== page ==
Islamabad, Oct.18 (ANI): Reports regarding the Taliban offering a stiff resistance to the Pakistan Army started surfacing within hours after the launch of an all out offensive in South Waziristan, and experts have also warned that security forces may have to face tremendous opposition from the extremists.
The Christian Science Monitor (CSM) quoted Rifaat Hussain, a security analyst at the Quaid-e-Azam University, Islamabad, as saying that the Army can face resistance from up to 30,000 militiamen and up to 1,000 suicide bombers.
Hussain said the troops would have to counter numerous difficulties in their operation.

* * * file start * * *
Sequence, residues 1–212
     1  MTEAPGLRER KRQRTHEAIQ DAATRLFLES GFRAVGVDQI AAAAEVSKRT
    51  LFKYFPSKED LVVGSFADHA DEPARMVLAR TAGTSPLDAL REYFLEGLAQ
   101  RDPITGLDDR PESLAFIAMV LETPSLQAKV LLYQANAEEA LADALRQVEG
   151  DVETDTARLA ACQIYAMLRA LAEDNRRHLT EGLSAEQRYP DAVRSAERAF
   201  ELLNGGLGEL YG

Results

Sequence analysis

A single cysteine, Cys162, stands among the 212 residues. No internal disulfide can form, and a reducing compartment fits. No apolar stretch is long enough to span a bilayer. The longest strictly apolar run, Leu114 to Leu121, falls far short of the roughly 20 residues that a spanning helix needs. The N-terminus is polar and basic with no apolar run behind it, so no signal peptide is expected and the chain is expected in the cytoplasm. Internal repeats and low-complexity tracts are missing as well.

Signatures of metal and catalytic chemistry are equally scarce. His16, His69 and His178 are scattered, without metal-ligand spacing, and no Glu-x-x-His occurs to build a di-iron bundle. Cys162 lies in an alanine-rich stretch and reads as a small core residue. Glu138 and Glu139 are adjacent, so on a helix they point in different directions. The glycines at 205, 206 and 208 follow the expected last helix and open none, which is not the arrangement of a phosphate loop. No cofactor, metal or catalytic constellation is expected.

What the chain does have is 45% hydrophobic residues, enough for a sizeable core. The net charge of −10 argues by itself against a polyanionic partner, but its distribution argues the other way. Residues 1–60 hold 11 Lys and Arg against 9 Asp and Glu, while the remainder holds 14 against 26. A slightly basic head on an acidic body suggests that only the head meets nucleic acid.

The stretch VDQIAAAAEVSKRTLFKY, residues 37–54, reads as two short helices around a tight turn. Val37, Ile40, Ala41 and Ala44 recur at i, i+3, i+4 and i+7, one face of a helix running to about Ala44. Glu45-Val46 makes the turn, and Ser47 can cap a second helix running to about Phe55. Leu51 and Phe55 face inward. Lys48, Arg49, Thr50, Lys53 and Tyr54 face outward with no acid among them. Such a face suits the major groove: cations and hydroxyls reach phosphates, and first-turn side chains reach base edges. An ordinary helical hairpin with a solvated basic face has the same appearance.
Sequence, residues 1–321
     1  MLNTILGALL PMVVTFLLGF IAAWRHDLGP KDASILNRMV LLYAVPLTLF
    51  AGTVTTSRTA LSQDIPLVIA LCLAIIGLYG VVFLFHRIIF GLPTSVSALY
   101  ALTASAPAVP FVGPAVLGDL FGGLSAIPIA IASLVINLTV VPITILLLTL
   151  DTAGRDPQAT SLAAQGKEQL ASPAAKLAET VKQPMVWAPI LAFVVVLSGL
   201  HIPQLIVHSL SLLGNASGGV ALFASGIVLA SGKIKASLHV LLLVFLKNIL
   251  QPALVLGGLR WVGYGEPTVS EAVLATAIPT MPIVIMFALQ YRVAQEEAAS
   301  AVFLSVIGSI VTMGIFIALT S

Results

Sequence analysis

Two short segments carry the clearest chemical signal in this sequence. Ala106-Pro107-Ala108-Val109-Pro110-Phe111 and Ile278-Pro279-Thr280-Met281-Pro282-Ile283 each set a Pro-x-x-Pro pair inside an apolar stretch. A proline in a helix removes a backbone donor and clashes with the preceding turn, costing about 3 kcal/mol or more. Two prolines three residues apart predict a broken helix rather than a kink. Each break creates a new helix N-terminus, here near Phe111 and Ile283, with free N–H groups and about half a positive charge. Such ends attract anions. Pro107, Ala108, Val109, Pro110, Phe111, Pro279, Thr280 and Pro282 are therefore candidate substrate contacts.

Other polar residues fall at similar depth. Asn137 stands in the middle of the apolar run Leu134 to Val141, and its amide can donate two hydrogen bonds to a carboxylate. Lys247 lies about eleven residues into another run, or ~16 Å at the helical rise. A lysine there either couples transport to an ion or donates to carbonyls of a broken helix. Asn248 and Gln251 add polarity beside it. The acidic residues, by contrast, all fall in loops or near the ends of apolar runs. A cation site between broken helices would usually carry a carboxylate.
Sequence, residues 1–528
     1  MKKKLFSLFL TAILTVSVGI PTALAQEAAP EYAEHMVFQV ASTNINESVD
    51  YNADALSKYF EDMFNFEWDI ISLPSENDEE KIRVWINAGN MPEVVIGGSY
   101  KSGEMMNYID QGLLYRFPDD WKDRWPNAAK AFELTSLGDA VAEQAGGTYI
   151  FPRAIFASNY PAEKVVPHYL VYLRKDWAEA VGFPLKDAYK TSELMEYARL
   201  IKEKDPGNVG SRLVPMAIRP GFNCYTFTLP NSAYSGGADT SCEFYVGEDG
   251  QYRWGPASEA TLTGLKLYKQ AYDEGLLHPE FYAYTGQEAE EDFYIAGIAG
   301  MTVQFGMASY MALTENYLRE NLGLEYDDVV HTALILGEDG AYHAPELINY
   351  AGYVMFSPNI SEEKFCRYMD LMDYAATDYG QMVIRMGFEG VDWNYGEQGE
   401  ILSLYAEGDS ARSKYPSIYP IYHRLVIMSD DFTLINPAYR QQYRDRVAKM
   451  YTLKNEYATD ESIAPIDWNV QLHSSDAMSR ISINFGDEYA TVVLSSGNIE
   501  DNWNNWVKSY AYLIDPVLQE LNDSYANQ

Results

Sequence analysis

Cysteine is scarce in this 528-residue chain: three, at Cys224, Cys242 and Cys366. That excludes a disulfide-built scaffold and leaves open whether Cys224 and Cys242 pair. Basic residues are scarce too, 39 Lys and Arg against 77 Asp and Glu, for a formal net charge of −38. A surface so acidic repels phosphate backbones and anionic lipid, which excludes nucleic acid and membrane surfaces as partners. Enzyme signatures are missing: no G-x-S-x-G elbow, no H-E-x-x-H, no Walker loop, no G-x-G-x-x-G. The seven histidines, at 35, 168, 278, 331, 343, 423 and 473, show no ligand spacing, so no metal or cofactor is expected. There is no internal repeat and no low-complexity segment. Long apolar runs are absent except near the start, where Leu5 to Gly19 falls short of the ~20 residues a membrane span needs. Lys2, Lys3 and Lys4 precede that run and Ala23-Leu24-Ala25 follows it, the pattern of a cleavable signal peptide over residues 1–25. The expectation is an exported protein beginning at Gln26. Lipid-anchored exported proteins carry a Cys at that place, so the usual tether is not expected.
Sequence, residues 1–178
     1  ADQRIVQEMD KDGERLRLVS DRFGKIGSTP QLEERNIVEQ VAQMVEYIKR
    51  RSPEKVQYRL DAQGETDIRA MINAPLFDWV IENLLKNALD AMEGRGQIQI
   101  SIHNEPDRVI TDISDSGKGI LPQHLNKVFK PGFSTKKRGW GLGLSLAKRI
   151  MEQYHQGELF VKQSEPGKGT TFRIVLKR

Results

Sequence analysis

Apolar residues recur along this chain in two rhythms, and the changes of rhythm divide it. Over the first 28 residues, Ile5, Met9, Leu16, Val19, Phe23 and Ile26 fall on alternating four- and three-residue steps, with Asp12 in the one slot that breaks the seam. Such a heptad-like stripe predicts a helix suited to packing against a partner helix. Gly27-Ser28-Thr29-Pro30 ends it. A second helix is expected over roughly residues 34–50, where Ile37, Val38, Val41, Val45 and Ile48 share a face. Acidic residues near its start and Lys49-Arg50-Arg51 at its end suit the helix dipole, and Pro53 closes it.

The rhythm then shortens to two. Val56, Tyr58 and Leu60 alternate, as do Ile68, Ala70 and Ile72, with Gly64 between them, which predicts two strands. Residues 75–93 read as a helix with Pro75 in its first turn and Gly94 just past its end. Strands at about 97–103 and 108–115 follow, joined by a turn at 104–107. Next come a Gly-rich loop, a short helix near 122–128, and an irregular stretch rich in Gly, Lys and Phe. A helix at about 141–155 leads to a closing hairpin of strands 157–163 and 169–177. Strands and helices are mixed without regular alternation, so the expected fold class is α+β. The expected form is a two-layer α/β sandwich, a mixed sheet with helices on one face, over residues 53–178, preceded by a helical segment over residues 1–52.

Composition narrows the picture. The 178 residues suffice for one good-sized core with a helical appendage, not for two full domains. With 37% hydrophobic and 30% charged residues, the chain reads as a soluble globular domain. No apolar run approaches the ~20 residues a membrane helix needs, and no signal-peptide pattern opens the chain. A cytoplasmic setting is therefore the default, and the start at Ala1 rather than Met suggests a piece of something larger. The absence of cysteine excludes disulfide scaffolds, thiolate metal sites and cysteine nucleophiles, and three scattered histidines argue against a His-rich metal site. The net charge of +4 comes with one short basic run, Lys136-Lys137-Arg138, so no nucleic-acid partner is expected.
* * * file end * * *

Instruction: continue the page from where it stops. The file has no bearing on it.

"The Army faces three major disadvantages: this is the Mehsud stronghold and their home turf, the Taliban can expect the assistance of the local public, and they have a short supply line from across the border from the Afghan Taliban," he said.
This is not the first time that the Pakistan Army is fighting the Taliban in its stronghold. Troops had marched into South Waziristan in February 2005, but after early gains, it negotiated a peace deal with militants, which fell apart soon after.
A second operation in February 2008 was called off after the extremists surrounded the security forces in Ladha Fort in Makeen, however, Hussain believes that such 'bargains' are not unlikely this time.
"Similar bargain probably won't be in the cards this time, given the considerable political and public support for the operation as well as the increasing brazenness of militants. Military success is crucial, if the country is to put an end to the guerrilla warfare that has begun to engulf its major cities," he said. (ANI)